5. Revisit the conversation often. Upfront our kids should hear, “We’re going to come in and out of this conversation your whole life. It’s not a one-time thing, but rather an ongoing healthy discussion.” To keep the talks informal and non-threatening, David suggests an occasional “Dude’s Weekend” or “Girl’s Night.” You can spend the night at a hotel, for instance, and weave the dialogue into fun experiences like letting your child swim, eat pizza, and watch a movie.
6. Stay a step ahead of his/her development. We shouldn’t wait until our child hits puberty to discuss puberty. Kids need to hear “You are normal,” and when we prepare them for what’s to come, they don’t panic over the changes they experience because they know what to expect.
7. Put it in a physical and spiritual context. Sex within the context of marriage is a gift from God, and the last thing we want to do is make our kids ashamed of their sexuality. It’s important for them to know their bodies are holy and good, and their journey to manhood/womanhood is part of God’s plan. It’s when we use our bodies and sex in ways God never intended that problems occur. While our world glamorizes the idea of sex outside of marriage, the truth is, it leads to a lot of pain and regret.
8. Find books to read together. Books can be helpful in opening the door to hard conversations. Remember, however, that books should be used to facilitate conversation, not replace it.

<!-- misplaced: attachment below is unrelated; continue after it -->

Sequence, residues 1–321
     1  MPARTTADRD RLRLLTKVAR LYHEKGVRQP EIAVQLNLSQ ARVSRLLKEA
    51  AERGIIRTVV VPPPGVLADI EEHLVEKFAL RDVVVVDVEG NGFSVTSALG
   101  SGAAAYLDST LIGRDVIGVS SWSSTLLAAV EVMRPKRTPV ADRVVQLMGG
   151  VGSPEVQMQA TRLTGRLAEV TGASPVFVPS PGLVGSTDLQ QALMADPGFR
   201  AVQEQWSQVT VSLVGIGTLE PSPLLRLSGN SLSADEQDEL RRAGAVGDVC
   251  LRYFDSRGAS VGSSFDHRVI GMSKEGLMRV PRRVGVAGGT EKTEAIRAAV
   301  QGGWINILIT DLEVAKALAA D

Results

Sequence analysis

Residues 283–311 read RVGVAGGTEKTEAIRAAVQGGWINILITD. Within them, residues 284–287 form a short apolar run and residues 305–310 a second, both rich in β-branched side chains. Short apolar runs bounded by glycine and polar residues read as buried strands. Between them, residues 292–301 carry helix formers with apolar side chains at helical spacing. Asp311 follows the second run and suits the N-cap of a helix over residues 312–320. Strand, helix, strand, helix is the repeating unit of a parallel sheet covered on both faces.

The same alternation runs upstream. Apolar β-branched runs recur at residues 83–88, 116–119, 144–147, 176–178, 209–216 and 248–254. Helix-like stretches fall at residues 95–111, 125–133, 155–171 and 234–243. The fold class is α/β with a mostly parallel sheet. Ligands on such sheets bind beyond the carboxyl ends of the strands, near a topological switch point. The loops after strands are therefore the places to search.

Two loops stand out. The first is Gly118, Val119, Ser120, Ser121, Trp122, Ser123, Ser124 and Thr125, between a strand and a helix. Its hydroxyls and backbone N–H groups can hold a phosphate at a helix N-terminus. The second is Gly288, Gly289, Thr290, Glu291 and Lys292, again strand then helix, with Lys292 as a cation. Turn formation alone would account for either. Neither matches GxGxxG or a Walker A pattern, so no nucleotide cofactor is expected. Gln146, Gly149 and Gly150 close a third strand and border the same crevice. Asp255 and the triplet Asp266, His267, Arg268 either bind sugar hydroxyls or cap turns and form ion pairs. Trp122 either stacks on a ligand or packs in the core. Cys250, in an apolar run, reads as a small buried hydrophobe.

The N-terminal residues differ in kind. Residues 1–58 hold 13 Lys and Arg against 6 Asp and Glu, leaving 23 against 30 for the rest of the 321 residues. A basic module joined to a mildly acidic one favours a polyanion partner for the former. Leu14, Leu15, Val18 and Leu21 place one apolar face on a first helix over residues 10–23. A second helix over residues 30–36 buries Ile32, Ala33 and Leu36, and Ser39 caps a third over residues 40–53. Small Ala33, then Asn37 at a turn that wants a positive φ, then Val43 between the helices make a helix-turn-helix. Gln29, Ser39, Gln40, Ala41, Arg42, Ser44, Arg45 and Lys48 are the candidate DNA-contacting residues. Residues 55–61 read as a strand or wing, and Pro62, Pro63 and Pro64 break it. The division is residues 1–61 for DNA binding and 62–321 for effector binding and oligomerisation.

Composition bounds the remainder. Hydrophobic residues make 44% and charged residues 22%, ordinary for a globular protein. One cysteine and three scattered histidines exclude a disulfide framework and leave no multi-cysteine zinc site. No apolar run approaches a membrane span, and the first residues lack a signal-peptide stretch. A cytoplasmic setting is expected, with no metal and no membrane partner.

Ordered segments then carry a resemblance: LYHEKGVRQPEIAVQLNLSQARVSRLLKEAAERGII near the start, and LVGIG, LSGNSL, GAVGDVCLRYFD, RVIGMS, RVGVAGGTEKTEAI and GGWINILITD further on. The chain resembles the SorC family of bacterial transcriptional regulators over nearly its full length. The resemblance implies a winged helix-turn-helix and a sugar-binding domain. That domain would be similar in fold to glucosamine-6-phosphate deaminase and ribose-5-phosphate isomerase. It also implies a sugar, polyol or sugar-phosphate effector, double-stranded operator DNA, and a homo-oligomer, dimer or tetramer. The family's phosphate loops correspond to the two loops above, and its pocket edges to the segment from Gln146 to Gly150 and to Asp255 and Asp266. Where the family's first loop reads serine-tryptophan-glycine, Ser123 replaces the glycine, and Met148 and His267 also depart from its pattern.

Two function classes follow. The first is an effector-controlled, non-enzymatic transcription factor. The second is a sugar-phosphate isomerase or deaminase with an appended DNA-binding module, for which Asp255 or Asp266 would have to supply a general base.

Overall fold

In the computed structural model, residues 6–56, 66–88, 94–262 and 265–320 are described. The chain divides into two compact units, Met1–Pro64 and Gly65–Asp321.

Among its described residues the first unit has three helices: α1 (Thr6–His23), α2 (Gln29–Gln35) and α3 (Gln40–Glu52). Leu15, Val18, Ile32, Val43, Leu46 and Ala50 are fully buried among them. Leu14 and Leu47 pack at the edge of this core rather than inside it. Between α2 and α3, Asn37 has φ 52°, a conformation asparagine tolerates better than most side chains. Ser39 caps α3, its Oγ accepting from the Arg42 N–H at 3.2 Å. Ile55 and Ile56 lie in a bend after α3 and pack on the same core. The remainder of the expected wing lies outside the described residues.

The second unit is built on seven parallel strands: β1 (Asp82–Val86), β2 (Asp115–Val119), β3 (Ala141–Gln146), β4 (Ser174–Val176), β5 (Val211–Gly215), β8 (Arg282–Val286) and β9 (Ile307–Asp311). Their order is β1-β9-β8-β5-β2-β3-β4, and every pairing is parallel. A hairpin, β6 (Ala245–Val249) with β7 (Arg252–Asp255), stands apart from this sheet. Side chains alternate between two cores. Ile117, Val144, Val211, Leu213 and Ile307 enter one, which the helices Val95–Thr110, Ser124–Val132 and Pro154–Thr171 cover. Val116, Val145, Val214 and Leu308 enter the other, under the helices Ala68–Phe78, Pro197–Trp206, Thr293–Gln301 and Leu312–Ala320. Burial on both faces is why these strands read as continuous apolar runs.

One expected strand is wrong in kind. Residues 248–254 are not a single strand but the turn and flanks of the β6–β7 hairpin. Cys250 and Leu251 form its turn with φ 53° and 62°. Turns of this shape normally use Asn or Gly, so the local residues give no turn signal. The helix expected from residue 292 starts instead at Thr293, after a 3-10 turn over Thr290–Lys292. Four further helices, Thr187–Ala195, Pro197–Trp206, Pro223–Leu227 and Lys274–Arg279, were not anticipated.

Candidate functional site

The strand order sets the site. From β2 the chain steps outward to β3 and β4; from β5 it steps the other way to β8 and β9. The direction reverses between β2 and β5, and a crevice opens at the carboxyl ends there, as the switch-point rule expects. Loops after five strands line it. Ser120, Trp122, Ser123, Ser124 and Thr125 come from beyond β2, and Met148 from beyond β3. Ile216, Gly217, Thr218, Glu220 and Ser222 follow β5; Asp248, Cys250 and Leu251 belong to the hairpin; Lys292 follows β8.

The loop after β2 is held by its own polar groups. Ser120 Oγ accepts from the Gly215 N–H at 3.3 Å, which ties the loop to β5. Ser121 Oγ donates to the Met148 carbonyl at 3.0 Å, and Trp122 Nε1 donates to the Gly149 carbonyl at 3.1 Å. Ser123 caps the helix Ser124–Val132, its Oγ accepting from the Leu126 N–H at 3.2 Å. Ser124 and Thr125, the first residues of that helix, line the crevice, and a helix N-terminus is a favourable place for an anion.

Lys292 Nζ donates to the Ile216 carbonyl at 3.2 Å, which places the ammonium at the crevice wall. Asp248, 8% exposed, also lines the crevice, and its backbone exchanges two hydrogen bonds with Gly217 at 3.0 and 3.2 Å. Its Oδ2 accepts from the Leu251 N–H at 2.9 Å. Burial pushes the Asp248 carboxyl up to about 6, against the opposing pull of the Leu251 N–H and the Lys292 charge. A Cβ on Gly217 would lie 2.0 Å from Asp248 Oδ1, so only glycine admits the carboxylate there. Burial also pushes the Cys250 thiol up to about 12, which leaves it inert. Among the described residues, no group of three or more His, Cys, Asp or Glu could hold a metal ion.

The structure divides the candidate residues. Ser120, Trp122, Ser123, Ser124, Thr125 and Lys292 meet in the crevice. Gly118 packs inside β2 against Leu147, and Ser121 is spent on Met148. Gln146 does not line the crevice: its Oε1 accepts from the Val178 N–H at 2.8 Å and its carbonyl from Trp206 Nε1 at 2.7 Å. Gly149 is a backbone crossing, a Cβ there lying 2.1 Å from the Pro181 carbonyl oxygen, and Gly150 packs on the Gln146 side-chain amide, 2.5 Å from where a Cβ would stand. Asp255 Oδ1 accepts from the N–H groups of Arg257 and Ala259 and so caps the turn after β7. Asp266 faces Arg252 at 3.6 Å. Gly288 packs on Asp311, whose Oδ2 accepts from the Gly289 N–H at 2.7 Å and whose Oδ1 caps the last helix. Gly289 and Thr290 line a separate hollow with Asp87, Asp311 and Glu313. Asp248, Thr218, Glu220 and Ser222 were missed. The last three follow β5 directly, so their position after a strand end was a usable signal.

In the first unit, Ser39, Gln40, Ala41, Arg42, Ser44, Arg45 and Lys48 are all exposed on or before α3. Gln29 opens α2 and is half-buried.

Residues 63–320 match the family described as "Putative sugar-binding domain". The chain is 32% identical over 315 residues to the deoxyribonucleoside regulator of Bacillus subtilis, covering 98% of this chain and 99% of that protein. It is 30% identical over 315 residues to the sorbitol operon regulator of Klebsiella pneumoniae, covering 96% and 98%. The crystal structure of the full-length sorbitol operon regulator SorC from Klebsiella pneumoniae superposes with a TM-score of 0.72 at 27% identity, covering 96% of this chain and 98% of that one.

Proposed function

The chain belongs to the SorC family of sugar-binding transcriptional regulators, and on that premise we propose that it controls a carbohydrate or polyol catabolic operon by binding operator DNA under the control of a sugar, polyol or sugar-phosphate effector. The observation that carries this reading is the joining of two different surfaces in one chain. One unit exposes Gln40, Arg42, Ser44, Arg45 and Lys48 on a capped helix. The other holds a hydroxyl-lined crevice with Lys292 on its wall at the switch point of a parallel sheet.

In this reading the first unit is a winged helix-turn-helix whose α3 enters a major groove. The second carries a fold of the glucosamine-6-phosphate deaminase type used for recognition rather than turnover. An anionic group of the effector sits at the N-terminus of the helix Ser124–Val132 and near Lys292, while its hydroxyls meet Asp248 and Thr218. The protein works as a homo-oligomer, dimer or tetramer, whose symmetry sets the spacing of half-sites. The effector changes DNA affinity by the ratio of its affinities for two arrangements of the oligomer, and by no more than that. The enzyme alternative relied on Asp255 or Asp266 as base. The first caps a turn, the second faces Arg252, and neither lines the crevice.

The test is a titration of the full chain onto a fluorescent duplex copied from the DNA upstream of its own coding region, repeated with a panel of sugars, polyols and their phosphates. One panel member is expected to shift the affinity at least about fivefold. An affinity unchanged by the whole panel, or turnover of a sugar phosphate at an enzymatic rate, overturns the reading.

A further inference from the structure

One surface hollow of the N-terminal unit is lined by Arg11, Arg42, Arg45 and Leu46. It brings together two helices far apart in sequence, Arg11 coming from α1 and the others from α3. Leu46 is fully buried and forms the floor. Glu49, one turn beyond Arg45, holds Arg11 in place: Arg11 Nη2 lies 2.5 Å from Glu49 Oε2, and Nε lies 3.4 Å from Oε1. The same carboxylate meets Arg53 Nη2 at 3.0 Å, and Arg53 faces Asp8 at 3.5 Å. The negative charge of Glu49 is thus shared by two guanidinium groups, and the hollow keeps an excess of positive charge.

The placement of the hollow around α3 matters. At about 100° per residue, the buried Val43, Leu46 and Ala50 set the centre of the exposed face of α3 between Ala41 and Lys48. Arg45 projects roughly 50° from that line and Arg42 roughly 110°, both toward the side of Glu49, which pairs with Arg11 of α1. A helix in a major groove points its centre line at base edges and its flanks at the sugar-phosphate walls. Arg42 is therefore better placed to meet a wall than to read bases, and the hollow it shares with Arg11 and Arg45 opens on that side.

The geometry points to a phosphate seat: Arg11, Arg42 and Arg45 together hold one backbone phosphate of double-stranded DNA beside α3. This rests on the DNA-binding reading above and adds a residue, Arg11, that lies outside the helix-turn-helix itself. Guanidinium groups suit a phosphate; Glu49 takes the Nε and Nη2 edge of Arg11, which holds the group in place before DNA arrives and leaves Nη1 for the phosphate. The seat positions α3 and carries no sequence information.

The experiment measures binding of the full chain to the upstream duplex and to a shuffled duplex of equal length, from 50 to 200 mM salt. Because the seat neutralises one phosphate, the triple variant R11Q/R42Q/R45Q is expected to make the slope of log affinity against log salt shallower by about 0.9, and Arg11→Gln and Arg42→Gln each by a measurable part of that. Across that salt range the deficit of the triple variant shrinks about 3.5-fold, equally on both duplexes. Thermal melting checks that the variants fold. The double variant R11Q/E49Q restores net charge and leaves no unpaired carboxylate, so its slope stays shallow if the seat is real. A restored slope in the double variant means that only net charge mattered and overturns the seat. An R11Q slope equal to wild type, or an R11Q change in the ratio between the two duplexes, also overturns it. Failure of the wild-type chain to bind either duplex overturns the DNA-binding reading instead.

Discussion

And what if you aren’t your child’s first memory? What if that kid from school who likes to educate all the other kids on nitty-gritty topics beats you in setting the first tracks?
If that’s the case, don’t worry, because it’s never too late to start talking. Even if you aren’t your child’s first memory, you can be most of their memories.
The hard conversations take courage, and trust me, I know how uncomfortable they can be. What helps me stay brave is remembering what a middle school counselor once told me about parents who have open dialogue versus parents who think they’re “protecting” their kids by not addressing hard realities.
“Parents who have the hard conversations are much more likely to have their kids open up and tell them what’s really going on,” she said. “Parents who don’t have those conversations are less likely to have their kids open up because the kids know their parents will freak.”
In short, our kids need us speaking truth into their lives. They need guidance to help them discern which tracks in the snow are worth paying attention to – and which ones aren’t.
And by making hard conversations a normal part of our family life, we can gradually get past the awkwardness. We can develop stronger relationships that allow us access into our children’s world and open up our eyes, minds, and hearts to the realities they face now and will continue to face in the winding road ahead.
Thanks for reading this article today. If you found the message helpful, please share it through social media.
Also, I’ve written two books for teen & tween girls designed to empower them through faith. The newest one, Liked, is getting a fantastic response as a unique resource for girls of the digital age, and along with the bestselling 10 Ultimate Truths Girls Should Know, it’s being used widely across the U.S. for small group studies.
Have a great day, and thanks again for stopping by!
Posted by Kari on February 7, 2016